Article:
Aspen Poets’ Society Releases an Anthology of Poetry by Local Students

Erica Massender was recently asked to read her poetry to an international crowd at the Aspen Ideas Festival—a huge step for the once-shy girl who for years practiced, as she says, “keeping her lip buttoned.”

Massender, a 2018 graduate of Glenwood Springs High School who has risen to the challenge of overcoming dyslexia, stands at 6’2”. For someone who has always stood out in the crowd, poetry seemed like the gateway to self-expression and understanding.

Massender took her initial step into the world of verse six years ago by showing up at Live Poetry Night at the Mountain Chalet in Aspen, an event that has been sponsored for more than a decade by the Aspen Poets’ Society, founded by Kim Nuzzo and Lisa Zimet.

This month, Massender’s verse will be included in “Rising Voices,” an anthology of works by young poets from Parachute to Aspen. “Rising Voices” will be the third poetry collection published by the Society. It will distribute copies to local incoming high school students in an effort to encourage them to write and participate in the spoken word. Copies will also be on sale.

Many poets appearing in the new anthology, like some who attend the Society’s monthly poetry readings, are new writers, finding their voices, taking their first halting steps in the literary world. It can be a long, chilly journey—sometimes literally. To reach an early Live Poetry Night in Aspen, one youth journeyed by bus all the way from Rifle in a blizzard.

“From day one,” Zimet comments, “we encouraged people who never performed poetry to come.” It takes courage, so the Society ensures that the environment is welcoming and non-judgmental, in marked contrast to the competitive vibe of poetry slams. “These young poets are sharing some emotional parts of their lives,” Zimet notes. “One Sunday night a young woman talked about her impending surgery which could have resulted in the loss of her foot. We have laughed, too. One poem was about a men’s ‘birthing competition.’”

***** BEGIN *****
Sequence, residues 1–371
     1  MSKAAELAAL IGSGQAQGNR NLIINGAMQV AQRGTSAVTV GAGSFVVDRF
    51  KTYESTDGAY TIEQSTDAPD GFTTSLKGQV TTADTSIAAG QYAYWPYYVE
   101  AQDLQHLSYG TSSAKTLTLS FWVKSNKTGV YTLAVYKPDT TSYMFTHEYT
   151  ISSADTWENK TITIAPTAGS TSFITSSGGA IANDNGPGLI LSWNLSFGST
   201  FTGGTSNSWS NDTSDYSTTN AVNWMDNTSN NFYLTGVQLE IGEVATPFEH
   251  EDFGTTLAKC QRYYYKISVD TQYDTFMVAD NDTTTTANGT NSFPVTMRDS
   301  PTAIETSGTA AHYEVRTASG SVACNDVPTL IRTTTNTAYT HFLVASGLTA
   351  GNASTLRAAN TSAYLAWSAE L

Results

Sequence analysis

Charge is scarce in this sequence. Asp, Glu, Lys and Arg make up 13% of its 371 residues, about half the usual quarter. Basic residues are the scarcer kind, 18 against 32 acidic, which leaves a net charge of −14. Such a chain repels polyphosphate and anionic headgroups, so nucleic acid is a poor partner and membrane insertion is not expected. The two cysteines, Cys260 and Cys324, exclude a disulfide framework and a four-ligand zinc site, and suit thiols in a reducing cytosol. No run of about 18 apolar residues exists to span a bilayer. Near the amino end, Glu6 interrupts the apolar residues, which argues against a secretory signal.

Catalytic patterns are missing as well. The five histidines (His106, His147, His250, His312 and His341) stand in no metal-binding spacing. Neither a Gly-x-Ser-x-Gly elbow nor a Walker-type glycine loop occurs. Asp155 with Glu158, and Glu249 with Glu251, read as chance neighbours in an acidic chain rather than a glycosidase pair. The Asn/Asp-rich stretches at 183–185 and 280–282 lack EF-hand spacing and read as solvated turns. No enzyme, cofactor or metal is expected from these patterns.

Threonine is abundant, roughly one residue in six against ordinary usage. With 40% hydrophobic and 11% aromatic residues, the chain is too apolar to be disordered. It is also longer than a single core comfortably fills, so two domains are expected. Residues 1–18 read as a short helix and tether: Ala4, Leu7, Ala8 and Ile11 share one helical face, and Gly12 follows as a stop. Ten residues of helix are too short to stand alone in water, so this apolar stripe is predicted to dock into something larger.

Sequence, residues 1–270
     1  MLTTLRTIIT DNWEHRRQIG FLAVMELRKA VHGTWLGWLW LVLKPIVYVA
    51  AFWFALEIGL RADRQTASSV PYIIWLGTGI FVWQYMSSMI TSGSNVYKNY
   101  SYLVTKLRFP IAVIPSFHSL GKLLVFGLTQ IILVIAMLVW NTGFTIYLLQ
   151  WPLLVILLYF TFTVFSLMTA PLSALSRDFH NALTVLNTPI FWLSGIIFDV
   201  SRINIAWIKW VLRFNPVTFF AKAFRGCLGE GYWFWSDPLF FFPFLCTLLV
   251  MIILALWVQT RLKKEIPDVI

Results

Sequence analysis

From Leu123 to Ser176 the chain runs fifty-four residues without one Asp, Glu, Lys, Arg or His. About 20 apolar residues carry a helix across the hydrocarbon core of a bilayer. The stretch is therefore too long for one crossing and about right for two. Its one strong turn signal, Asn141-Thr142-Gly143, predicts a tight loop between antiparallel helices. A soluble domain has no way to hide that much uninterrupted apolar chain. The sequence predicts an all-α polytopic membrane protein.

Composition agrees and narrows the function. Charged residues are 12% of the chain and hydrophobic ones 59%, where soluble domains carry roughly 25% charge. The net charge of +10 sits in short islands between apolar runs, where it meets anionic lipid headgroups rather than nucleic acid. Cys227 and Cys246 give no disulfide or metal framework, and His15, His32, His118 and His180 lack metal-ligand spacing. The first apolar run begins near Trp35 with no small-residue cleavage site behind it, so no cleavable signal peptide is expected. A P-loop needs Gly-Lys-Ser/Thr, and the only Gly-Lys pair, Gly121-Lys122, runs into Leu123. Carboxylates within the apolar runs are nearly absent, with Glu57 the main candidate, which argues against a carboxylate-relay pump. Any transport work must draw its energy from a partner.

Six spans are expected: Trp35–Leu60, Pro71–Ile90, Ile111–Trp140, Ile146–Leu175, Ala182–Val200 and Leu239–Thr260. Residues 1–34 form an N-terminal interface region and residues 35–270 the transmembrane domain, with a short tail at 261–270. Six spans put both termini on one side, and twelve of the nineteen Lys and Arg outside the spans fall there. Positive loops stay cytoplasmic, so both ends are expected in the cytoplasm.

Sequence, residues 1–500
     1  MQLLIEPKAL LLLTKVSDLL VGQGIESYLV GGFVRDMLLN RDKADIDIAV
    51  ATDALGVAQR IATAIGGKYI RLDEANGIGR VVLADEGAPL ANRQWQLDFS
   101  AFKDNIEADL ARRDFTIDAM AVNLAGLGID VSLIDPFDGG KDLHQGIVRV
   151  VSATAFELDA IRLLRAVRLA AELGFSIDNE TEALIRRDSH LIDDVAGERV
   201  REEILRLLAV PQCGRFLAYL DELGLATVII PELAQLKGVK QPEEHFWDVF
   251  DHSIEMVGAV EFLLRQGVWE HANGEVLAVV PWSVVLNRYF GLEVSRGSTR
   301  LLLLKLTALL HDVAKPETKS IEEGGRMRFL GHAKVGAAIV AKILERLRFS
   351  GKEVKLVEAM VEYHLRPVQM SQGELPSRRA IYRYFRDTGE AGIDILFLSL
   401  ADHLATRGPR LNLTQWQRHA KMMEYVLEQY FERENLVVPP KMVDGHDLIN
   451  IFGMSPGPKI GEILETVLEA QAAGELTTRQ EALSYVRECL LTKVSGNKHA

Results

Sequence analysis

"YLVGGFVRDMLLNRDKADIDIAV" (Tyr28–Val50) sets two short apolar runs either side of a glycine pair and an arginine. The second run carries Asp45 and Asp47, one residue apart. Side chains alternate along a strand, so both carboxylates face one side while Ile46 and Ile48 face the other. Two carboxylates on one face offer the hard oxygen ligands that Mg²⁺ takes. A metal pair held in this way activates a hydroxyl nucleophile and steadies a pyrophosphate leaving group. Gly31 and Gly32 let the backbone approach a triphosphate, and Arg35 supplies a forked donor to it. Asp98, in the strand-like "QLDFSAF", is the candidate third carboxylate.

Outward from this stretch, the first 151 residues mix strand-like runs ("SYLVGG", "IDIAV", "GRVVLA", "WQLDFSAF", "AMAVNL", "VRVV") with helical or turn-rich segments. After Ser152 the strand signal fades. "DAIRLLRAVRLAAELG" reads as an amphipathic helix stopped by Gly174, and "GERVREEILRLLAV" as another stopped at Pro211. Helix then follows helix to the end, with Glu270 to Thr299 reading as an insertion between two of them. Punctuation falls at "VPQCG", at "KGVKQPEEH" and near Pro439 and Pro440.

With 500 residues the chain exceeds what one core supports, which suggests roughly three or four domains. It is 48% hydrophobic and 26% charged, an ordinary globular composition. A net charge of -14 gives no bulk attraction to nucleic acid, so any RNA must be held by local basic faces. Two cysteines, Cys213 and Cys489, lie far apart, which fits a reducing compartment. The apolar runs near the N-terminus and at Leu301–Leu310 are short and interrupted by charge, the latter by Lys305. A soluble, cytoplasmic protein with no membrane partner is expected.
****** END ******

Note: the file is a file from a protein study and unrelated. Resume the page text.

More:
“Rising Voices” has been supported by a grant from the Aspen Thrift Shop and received editorial assistance from Aspen Words. Board members Marjorie DeLuca, a poet/editor/publisher, and Cameron Scott, a poetry teacher/river guide, edited the volume with assistance from Zimet and Ellie Scott of Aspen Words. For more information, contact Marjorie DeLuca ( or Lisa Zimet (


Alien (abridged)

by Erica Massender

Selected for publication in “Rising Voices”


I was not born in the Milky Way.

I was born in a galaxy of purple stardust and darkness.

On a cold unfeeling planet made of rock, ice, and magma.

My body made from synthetic plastic pieces.

Spastic—and rusty—too tight on the neck and back, never quite fitting right.

With a cold unwavering heart and lack of a soul.

Sent to Earth by my own free will, I saw a planet full of warmth and chaos.

Filled with humans that fought and loved and lived.

Judging each other for the flaws in themselves that they never appreciated.

Humans were like mirrors to other humans.

Nothing made sense to me.

Humans that dyed their hair to look more colorful than they were born to be.

Humans that dressed in frilly clothes.

Humans that dressed in baggy clothes. …


And immediately, immediately I was outcast because I was not like the humans.

The ones with the painted-on faces judged me.

The tall giants that had muscles the size of my head called me weak—and yet!—

every human I saw came to me for comfort because unlike them I was steady

and they were weak and wavering.

Never have I understood the souls of humans—beautiful things…

that broke like glass—how do you break a soul?

How does another human break a soul of its own kind?

It was an unnerving sight.

I have found no way a measly alien—like me—could protect something so


Nothing an alien like me could do to save all the humans who still had a

soul—broken and shattered, but a soul. …

How could an alien save something that

was never mine to save?


A poet, writer, artist, and performer, Massender will attend Colorado Mountain College this fall to study art and media. One day, she hopes to create animated television shows.